8

 

But even with all the cool new stuff, there's a lot of problems with Andromeda, and not all of them can be fixed with a day-one patch. Character animations are unsteady and jittery, with characters popping into movements or just twitching for no reason during cutscenes. At one point, my Ryder was flirting with Cora, and his head started slowly turning 180 degrees before immediately snapping back to normal, just like I do when talking to women in real life. In a few instances, enemies got stuck in level architecture, completely catching me by surprise when a door started shooting at me. Other enemies wouldn't even respond, just standing in an idle animation while I ran up and punched them repeatedly. In one particularly infuriating issue, a quest update wouldn't trigger, but showed the next step available. When I finished that step, the last one still showed, and blocked me from further progress in the quest.

 

9

 

Andromeda's issues run deeper than just technical screwups. While the overall story is cool, moment-to-moment writing can run from bland to trying-too-hard-to-be-Joss-Whedon dumb. Some characters will constantly speak like they're trying to be the coolest person in the room (hi Liam), and when dealing with more minor technical flaws like characters not even looking at the people they're talking to (just in their general direction), it can really break that feeling of immersion. Back on the characters, there are a few truly tone-deaf attempts to be inclusive and show a better future--the intent is there, but the execution leaves a lot to be desired. The new, villainous kett--and their dickhead leader the Archon--are more annoying than threatening until the game's halfway point, but I can't stop thinking of the Archon as Sarris from Galaxy Quest.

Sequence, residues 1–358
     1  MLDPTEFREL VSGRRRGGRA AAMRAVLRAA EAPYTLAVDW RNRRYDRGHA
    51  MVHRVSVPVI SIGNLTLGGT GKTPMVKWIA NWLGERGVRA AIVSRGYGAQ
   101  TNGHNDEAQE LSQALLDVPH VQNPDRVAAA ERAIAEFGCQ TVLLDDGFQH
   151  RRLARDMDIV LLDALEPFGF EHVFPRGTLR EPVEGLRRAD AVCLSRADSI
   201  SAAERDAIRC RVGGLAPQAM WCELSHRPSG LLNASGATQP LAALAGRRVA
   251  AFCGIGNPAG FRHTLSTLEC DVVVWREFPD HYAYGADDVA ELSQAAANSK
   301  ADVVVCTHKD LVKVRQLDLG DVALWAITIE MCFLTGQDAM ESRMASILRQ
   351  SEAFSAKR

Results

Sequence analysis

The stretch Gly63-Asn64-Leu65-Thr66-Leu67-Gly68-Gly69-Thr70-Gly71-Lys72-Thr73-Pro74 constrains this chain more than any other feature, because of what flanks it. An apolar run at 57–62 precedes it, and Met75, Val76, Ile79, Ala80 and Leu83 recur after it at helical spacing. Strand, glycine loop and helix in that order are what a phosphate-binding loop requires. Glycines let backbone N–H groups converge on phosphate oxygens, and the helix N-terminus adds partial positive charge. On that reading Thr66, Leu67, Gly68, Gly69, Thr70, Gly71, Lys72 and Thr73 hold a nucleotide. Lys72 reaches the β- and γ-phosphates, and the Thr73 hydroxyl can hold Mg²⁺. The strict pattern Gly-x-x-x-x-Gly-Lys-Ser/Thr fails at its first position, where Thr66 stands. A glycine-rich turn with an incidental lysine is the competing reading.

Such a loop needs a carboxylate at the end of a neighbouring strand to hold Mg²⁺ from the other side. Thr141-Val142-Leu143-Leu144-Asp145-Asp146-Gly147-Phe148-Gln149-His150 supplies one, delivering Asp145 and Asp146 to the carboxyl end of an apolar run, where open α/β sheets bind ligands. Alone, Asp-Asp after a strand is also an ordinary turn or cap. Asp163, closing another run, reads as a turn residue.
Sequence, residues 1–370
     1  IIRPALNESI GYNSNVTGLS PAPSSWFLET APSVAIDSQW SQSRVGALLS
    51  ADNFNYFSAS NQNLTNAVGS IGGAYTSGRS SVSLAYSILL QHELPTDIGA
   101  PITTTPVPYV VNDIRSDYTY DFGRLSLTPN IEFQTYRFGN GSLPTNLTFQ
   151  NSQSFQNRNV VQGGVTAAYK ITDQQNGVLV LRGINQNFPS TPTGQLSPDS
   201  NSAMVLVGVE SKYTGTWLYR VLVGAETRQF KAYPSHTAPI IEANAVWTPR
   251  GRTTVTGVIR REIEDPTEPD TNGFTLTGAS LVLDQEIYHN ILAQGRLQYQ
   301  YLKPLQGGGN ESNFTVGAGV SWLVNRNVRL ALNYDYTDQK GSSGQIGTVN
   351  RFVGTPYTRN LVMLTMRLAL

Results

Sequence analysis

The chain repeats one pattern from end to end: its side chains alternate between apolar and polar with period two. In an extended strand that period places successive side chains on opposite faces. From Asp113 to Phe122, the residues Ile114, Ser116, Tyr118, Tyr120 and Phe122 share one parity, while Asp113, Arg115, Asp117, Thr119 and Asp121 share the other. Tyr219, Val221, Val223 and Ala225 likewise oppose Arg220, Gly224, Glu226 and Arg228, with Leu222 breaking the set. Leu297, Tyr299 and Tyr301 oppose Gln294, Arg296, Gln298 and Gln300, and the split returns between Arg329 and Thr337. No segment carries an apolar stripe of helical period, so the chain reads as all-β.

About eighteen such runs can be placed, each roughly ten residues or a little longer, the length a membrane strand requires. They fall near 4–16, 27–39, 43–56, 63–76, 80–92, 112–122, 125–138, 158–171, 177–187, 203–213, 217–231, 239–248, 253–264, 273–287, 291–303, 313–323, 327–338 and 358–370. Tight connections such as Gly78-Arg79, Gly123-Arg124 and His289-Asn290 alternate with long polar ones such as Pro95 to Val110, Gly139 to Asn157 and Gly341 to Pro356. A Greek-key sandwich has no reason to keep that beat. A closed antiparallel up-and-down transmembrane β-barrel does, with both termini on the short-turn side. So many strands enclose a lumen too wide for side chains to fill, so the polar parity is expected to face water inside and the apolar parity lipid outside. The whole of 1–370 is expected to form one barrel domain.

10

"YOOOOOU AAAAARE OOOOOUR LAST HOPE"

 

Even with all that, though, I can't say I had a bad time with Andromeda--at all, really. It's funny how the game's launch kind of parallels the game's story: after a long wait, we're finally here, and nothing's the way it should be. Everything's going wrong, it's not quite matching up to how we expected, and there are a lot of good reasons to be pissed off. Thankfully, sticking with it doesn't just open the door to a rich, fantastic adventure. Mass Effect: Andromeda brings us new friends, new memories, and--most importantly--a new home.

 

REVIEW ROUNDUP

+ Brings you right back to that familiar Mass Effect sweet spot between in-depth roleplay and satisfying action

+ Lots to do across a half-dozen hub worlds and your ship, that never feels like busywork or filler

+ Aims for a lighter tone and mostly succeeds, making its emotional moments stand out more clearly

+ Faster, more intense combat is a step up from previous games

+ "Tone Wheel" adds more flexibility and better roleplay options compared to binary "Paragon/Renegade" responses

+ Fun, addicting multiplayer is also 100% separate from the story mode

+/- Lighter tone does come with some less-than-hilarious attempts at humor and quirkiness, but your mileage may vary

- Constant technical glitches and errors, likely due to me playing a pre-release build, but I'm surprised it's this broken

- Inconsistent UX decisions: why can I equip something from a chest, but not from my inventory?